A watershed moment is that aha! moment of revelation. The point where the proverbial light bulb has been turned on to illuminate the darkness.
Watershed moments are memorable: like the first time I heard the difference a speaker cable makes; when (by accident) we discovered the improvements wrought by an oversized power transformer; how much of a difference small changes in VTA affect the playing of vinyl.
These moments are so enjoyable that I have come to realize they are what keeps me excited to jump into the thick of problems. To immerse myself in the unknown so that I might have a chance to unravel enough answers to yet again experience the transition of dark to light.
Aside from the chance to break new ground and push the limits of the recording arts, I am pretty certain one of the reasons for having started Octave Records is to open up new mysteries that present the opportunities for watershed moments.
One such moment came while helping our recording engineer, Zach, set up a piano recording. The choice of microphone and placement is a continuing artform with more opinions and beliefs than Carter’s got pills. What occurred to us both is that unlike end users of the recording, we have the amazing ability to stand at the piano and hear exactly what it sounds like in real-time. Not just casually listening with an attention span divorced from the moment (as we so often do), but blessed with being right there, right now, right in the moment, and then being able to do something meaningful about it. (It’s not been that long ago that the recording arts weren’t good enough to truly capture exactly what we hear)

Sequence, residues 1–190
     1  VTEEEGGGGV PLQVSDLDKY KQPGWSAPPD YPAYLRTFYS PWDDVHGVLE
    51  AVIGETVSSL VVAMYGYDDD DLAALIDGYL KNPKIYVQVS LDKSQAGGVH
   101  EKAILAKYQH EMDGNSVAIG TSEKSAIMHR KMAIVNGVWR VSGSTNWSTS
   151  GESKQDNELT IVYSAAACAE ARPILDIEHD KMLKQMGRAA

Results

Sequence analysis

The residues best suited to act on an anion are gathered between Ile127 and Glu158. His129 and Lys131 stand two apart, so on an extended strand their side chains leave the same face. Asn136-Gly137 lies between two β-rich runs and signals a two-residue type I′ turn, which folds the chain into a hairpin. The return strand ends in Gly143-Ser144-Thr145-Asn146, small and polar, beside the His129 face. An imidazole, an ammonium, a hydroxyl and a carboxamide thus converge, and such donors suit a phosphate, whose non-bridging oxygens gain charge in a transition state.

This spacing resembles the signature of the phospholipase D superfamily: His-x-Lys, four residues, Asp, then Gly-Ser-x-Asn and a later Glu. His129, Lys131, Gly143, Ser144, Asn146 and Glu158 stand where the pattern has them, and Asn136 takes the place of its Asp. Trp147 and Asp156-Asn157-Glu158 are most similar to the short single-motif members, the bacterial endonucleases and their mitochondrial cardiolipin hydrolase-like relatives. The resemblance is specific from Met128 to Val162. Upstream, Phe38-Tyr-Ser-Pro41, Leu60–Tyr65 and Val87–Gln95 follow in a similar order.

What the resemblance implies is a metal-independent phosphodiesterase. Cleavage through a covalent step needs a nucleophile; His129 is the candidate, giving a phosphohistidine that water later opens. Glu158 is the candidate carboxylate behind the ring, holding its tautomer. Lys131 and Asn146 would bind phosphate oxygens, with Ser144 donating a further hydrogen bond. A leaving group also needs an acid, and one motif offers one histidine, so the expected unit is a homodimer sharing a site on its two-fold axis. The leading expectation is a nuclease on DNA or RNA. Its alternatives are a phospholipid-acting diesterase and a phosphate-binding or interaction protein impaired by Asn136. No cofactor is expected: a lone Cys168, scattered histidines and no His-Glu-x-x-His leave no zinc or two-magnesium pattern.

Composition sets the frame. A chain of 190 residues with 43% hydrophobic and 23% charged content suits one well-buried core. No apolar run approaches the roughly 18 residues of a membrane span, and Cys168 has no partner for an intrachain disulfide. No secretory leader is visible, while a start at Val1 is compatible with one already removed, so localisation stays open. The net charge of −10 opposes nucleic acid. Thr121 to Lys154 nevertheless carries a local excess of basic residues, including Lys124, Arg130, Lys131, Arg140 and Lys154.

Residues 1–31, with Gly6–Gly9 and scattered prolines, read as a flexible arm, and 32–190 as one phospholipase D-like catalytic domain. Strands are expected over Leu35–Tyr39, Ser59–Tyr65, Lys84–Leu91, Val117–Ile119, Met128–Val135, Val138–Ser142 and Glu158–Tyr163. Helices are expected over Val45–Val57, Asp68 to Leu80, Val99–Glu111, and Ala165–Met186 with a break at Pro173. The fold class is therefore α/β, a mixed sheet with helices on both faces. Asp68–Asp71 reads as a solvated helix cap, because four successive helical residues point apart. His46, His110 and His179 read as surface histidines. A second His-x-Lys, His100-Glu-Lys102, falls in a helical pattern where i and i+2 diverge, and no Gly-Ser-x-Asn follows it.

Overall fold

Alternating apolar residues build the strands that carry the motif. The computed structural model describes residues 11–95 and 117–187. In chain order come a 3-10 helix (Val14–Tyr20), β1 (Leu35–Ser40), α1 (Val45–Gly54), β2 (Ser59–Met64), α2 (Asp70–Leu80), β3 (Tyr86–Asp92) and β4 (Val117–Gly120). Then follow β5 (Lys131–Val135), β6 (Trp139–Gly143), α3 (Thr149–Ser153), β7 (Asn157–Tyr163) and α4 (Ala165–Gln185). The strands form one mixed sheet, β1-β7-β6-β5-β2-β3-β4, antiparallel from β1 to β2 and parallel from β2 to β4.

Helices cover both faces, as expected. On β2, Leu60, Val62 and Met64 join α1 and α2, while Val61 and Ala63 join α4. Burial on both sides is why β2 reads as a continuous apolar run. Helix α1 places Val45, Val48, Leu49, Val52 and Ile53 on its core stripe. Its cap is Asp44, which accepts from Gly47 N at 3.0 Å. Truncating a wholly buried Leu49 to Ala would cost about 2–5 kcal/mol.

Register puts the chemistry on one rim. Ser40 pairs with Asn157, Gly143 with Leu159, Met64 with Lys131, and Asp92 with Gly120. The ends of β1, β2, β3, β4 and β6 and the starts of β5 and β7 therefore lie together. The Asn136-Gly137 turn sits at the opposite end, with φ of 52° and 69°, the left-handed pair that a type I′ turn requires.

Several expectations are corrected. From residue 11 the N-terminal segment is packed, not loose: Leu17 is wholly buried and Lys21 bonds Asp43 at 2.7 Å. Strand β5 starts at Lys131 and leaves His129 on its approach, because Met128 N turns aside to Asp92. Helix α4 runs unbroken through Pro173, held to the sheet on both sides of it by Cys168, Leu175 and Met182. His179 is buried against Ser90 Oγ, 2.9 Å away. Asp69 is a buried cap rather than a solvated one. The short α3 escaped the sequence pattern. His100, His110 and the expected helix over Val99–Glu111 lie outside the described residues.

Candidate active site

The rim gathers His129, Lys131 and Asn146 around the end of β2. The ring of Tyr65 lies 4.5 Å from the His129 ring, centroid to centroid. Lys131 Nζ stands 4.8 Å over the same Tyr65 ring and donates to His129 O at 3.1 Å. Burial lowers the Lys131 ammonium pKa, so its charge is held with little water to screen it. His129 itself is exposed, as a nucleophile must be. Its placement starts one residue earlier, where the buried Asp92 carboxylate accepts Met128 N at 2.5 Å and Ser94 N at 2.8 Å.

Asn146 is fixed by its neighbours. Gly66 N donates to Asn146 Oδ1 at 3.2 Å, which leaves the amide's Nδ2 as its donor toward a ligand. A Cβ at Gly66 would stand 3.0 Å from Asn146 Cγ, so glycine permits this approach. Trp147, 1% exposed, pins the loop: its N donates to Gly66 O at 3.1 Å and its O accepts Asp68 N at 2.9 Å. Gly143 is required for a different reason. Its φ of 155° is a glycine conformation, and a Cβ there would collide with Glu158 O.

How do the notes decay? How much body? How different distance from the instrument makes.
Then to take that aural memory fresh in our heads right into the control room and mentally compare. Then adjust, And compare again until the two match precisely.
The watershed moment came when we realized we finally have a system of recording, monitoring, and playback that is fully capable of exactly matching that which we hear.